NEW YORK, June 27, 2019 /PRNewswire/ -- Nearly 80 nephrologists, cardiologists, diabetologists, patients and policy makers will gather in Chicago this week to share information about a human protein called sodium-glucose contransporter-2 (SGLT2), its role in diabetic kidney disease and how a new drug class called SGLT2 inhibitors can help.
The two-day, scientific workshop titled "The Role of the Kidney and SGLT2 in Glucose Homeostasis and Kidney Disease" is hosted by the National Kidney Foundation (NKF) and will begin with a series of presentations on emerging science and review of clinical trials.
Diabetes and chronic kidney disease (CKD) are common and complex disorders, which often co-exist, and each are associated with multiple comorbid conditions and higher risk for mortality. SGLTs are proteins that transport glucose and a SGLT2 gene mutation can result in a rare disorder of familial renal glucosuria. SGLT2 inhibition is a new therapy for kidney disease, particularly related to diabetic kidney disease.
The healthcare professionals, representatives of the U.S. Food and Drug Administration, and patients attending the workshop will discuss a number of topics that include: the pathogeneses of kidney damage in diabetes; improving testing for kidney dysfunction in patients with diabetes; what is known about the role SGLT2 plays in glucose homeostasis; how the medications SGLT2 inhibitors impact cardiovascular and heart failure risk in patients with diabetes; and how SGLT2 inhibitors impact kidney function; among other topics.
"Overall, I'm genuinely excited about the SGLT2 inhibitor drug class," said Joseph Vassalotti, MD, NKF Chief Medical Officer. "I think these drugs are a breakthrough for people living with type-2 diabetes and diabetic kidney disease, because they offer both kidney and cardio-protection."
The participants at the workshop will break into groups after the main presentations to take a deeper dive into the questions the presentations raise. A summary of the breakout group discussions will be reported back to the full assembly with a consensus building process to formulate the final conference recommendations.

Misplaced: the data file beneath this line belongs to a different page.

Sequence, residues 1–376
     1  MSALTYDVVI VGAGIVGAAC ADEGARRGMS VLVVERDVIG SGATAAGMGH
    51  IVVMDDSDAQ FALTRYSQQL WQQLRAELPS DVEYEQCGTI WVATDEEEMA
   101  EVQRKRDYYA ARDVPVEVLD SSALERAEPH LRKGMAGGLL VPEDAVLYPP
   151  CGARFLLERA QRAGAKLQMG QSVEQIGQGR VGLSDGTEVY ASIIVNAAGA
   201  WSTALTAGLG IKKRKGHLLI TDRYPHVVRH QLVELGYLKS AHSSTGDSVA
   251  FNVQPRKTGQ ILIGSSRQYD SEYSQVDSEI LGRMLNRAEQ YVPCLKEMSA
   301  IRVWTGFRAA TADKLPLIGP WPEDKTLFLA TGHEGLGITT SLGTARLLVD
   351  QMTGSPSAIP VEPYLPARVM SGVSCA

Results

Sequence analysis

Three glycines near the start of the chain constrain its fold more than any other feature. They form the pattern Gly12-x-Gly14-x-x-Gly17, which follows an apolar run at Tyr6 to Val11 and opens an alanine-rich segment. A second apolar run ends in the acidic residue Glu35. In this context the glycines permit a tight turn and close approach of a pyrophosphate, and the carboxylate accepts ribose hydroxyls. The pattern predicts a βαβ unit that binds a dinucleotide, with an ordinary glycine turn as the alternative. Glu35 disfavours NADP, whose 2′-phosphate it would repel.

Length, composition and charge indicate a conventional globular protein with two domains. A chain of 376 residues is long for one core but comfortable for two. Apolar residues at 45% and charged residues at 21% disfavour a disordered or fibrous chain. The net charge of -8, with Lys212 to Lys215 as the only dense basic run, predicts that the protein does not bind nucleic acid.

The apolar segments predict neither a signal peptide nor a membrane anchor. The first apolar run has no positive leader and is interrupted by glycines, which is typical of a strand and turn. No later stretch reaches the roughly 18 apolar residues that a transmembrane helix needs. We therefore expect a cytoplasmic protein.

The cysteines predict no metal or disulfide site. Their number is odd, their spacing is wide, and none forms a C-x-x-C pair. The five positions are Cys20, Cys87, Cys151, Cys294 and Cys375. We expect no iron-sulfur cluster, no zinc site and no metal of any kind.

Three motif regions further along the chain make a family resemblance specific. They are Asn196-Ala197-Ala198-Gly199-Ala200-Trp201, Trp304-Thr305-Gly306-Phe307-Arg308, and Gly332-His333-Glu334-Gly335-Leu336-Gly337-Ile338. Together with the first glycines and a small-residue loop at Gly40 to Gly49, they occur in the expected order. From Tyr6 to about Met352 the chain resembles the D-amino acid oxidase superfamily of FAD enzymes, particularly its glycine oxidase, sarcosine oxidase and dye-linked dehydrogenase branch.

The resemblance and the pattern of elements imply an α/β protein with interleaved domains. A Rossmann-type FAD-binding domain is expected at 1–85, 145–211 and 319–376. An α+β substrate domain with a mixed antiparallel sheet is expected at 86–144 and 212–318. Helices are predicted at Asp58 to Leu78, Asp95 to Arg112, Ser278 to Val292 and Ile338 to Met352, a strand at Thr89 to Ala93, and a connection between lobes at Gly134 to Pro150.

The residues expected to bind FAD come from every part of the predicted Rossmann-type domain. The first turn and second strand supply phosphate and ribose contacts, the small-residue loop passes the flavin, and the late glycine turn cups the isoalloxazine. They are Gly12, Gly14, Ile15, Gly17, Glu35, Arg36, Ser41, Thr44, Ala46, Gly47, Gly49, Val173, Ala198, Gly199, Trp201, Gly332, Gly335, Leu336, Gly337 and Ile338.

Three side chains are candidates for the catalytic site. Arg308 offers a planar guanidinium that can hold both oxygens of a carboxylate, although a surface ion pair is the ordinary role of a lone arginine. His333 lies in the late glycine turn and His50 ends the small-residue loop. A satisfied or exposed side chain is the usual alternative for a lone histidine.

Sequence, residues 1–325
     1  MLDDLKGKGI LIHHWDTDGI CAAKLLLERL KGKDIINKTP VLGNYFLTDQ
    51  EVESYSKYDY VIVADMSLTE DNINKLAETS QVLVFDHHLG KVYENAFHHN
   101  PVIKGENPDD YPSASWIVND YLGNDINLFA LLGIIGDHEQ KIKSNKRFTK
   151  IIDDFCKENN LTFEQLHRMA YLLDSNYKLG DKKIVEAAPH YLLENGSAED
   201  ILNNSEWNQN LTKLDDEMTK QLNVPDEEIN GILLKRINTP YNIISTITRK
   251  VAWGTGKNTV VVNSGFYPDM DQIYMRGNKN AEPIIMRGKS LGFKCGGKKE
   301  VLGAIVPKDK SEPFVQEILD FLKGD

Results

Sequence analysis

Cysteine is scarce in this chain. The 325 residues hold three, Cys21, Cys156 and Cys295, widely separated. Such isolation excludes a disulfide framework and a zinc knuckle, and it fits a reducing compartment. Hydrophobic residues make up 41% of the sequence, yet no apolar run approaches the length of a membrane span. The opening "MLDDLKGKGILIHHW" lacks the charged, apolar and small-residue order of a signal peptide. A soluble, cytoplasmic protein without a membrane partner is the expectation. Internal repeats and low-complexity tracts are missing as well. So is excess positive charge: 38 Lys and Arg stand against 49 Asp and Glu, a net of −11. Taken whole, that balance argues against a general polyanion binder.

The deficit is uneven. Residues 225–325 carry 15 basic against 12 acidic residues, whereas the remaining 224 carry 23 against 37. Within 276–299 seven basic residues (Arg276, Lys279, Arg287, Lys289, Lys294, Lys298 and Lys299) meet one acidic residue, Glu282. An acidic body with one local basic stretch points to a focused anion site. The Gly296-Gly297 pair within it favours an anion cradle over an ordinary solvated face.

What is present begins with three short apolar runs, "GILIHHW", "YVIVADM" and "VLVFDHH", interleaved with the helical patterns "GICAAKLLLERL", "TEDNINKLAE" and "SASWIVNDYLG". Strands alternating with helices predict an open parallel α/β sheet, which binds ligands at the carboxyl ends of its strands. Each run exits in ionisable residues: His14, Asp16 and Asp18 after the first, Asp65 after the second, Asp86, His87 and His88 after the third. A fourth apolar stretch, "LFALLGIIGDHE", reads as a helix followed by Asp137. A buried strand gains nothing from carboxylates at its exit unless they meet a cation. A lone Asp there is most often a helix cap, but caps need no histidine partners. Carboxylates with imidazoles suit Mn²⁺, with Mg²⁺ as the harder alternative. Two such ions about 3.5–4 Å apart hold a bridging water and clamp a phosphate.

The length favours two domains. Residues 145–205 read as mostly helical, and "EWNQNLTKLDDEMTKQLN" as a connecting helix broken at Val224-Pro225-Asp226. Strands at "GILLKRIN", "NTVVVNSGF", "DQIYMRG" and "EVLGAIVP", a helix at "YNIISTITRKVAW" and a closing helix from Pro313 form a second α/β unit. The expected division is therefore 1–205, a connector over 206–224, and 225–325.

The conference chairs, Viado Perkovic, MB, BS, PhD, of the George Institute for Global Health, University of New South Wales Sydney; and Katherine Tuttle, MD, Professor of Medicine at the University of Washington in Seattle; and the breakout group leaders will publish a position statement summarizing the results of the workshop.
NKF sponsors workshops every year that help move the needle toward the goals of eliminating preventable CKD, eliminate the kidney transplant waitlist and ensure that dialysis patients have full, productive and functional lives.
NKF Professional Membership
Healthcare professionals can join NKF to receive access to tools and resources for both patients and professionals, discounts on professional education, and access to a network of thousands of individuals who treat patients with kidney disease.
Kidney Disease Facts
In the United States 37 million adults are estimated to have chronic kidney disease—and most aren't aware of it. 1 in 3 American adults are at risk for chronic kidney disease. Risk factors for kidney disease include diabetes, high blood pressure, heart disease, obesity and family history. People of African American, Hispanic, Native American, Asian or Pacific Islander descent are at increased risk for developing the disease. African Americans are 3 times more likely than Whites, and Hispanics are nearly 1.5 times more likely than non-Hispanics to develop end stage kidney disease (kidney failure).
The National Kidney Foundation (NKF) is the largest, most comprehensive, and longstanding patient-centric organization dedicated to the awareness, prevention, and treatment of kidney disease in the U.S. For more information about NKF, visit www.kidney.org.
SOURCE National Kidney Foundation